Being Realistic and Entertaining: A Look at Private Investigator Fiction

When you read or watch fiction involving private investigators, there are two main ways in which they’re unrealistic:

Illegal Activity

Most fictional PIs break the law in blatant ways. Regularly. Some examples:

  • Committing burglary.
  • Illegally hacking into people’s phones or online accounts.
  • Tampering with people’s mail.
  • Sneaking onto people’s property to take photos of them in private places.
  • Impersonating law enforcement.

While I have no doubt that there are some law-breaking PIs in real life, most are going to obey the law, because they would like to keep their license, stay out of jail, and avoid getting sued or having any evidence they provide tossed out of court.

Types of Cases

In fiction, the typical PI investigates murders. A number of them even work alongside the police. They show up to crime scenes, poke and prod the bodies, and stroll around casually dispersing their DNA everywhere.

In real life, private investigators rarely help with murder investigations. If they do, what usually happens is that the family of the victim is frustrated with the progress of the official police investigation. So the family hires a PI to review the evidence, talk to people (including people the police may have already interviewed), and use other tools in the PI arsenal to gather information. Maybe the PI will uncover a new lead or new evidence for the police to follow up on. But they won’t be hanging around the police detectives working on the investigation side-by-side with them.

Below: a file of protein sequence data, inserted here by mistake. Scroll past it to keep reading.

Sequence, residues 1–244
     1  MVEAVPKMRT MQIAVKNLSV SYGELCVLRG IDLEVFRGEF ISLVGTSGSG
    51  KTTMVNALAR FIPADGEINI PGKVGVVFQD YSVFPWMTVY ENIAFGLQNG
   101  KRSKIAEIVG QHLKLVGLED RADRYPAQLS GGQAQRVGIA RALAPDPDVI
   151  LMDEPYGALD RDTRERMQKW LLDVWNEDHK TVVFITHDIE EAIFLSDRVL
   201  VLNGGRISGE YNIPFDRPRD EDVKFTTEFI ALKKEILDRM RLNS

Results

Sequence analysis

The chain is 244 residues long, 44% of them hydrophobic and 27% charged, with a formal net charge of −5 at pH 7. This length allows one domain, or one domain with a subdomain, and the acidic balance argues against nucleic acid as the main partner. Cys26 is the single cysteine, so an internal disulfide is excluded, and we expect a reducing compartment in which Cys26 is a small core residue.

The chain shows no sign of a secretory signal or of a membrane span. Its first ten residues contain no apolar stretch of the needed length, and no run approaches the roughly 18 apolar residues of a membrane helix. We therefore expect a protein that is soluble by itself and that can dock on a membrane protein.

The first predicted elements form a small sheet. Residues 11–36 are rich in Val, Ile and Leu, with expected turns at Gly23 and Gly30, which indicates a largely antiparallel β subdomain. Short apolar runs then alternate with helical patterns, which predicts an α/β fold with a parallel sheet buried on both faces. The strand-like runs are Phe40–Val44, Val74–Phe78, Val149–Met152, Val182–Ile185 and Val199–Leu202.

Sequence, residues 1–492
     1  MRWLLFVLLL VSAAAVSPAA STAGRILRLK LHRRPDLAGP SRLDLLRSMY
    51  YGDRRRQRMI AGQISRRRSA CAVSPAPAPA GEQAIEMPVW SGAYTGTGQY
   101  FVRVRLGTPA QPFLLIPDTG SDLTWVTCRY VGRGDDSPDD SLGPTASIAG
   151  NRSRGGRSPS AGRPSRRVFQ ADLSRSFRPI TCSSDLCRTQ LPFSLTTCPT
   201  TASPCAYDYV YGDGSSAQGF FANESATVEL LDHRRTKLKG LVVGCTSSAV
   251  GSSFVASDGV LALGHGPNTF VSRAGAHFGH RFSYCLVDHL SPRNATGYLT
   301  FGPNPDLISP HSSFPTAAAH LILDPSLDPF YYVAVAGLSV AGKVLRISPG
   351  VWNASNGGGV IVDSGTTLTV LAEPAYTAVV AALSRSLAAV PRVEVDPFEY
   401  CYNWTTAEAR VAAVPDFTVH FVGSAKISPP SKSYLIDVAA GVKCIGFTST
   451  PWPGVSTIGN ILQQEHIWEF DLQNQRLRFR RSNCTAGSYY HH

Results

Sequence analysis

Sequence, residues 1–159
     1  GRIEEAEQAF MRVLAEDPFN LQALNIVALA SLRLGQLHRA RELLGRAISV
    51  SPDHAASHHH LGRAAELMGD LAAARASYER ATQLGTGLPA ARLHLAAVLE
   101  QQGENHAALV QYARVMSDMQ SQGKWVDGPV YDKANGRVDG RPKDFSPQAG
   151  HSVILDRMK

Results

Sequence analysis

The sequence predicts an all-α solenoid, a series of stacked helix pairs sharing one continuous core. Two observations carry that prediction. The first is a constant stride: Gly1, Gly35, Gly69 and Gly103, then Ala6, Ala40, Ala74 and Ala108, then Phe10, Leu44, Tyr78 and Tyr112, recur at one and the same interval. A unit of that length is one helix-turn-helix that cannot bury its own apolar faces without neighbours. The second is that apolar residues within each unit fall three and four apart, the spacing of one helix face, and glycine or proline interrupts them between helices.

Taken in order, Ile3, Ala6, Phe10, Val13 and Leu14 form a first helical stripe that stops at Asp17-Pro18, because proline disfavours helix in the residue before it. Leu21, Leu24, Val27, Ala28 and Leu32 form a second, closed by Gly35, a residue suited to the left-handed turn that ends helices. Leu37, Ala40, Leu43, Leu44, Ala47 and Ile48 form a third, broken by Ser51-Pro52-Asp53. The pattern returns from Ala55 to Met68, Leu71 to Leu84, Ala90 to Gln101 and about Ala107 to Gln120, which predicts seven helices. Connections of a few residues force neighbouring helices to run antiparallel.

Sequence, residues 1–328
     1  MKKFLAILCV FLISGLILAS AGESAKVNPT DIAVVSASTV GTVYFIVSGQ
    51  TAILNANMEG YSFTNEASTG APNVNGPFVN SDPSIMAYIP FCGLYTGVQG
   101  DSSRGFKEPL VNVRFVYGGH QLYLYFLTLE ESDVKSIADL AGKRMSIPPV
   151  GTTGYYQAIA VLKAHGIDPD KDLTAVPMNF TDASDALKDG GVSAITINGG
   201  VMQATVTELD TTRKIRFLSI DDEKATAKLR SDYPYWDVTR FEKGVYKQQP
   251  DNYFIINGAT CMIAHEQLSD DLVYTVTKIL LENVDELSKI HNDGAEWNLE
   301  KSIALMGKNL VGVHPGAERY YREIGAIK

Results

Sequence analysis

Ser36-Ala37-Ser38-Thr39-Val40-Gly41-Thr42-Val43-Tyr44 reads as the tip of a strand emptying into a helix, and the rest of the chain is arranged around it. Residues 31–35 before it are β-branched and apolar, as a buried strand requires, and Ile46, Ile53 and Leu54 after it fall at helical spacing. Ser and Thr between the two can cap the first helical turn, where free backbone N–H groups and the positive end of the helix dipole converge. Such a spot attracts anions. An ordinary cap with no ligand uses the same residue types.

Real-life cases that PIs work on often involve potentially false insurance claims and other kinds of fraud and dishonesty that are a part of white-collar crimes, civil litigation, or relationship conflicts. They may also help locate missing persons. Sometimes their work contributes to investigations of violent crime; it just isn’t as common.

Realistic Fictional Entertainment?

Are there PI stories that stay within the bounds of real-life legality – and that don’t always involve murder – while also being suspenseful and entertaining? To what extent do you need to bend the rules to keep a story gripping?

Years ago I watched Spotlight, a movie that doesn’t feature PIs but instead focuses on a group of journalists uncovering a sex abuse scandal in the Catholic Church. Something that struck me about this movie is how it depicts journalism realistically. The journalists don’t pull off any daredevil stunts, and there aren’t any wild action sequences. They do a lot of plodding investigative work, like searching through records for hours and persuading people to agree to interviews.

And yet, the movie is still suspenseful. It still has an underlying tension that carries it forward from one scene to another. You sense the high stakes that come with asking the right questions at the most opportune moment. You sense the complex emotions that the journalists feel when uncovering new information.

I’m interested in fiction that can more or less stay within the so-called boring rules of reality while still providing a great story and great characterizations. In the area of PIs, are there any fictional ones who are sticklers for the law while still pursuing complex and exciting cases?

Share your thoughts

Fill in your details below or click an icon to log in: Logo

You are commenting using your account. Log Out /  Change )

Facebook photo

You are commenting using your Facebook account. Log Out /  Change )

Connecting to %s

This site uses Akismet to reduce spam. Learn how your comment data is processed.